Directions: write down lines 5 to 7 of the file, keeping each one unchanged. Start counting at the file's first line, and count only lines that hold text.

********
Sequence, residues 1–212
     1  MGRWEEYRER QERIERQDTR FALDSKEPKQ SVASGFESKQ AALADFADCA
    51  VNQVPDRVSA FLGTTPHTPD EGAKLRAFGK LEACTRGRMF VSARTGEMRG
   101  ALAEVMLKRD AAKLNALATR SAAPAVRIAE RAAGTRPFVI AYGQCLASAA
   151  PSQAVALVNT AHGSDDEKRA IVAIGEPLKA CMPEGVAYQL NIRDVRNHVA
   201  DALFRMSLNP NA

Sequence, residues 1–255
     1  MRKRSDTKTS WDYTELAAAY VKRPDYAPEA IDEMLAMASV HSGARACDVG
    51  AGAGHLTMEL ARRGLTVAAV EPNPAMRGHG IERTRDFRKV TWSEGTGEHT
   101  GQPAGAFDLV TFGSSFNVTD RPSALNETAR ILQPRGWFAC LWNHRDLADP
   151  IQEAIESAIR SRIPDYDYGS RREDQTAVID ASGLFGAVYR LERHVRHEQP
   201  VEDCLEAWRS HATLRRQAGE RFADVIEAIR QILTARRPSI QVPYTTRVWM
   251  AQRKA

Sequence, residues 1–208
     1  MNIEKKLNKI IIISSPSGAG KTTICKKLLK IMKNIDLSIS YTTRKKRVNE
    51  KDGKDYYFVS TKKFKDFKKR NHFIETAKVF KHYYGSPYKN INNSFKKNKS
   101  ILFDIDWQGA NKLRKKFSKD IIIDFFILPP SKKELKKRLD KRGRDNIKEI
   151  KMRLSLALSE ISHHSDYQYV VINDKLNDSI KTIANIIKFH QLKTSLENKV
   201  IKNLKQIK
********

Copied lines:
   151  PSQAVALVNT AHGSDDEKRA IVAIGEPLKA CMPEGVAYQL NIRDVRNHVA
   201  DALFRMSLNP NA

Sequence, residues 1–255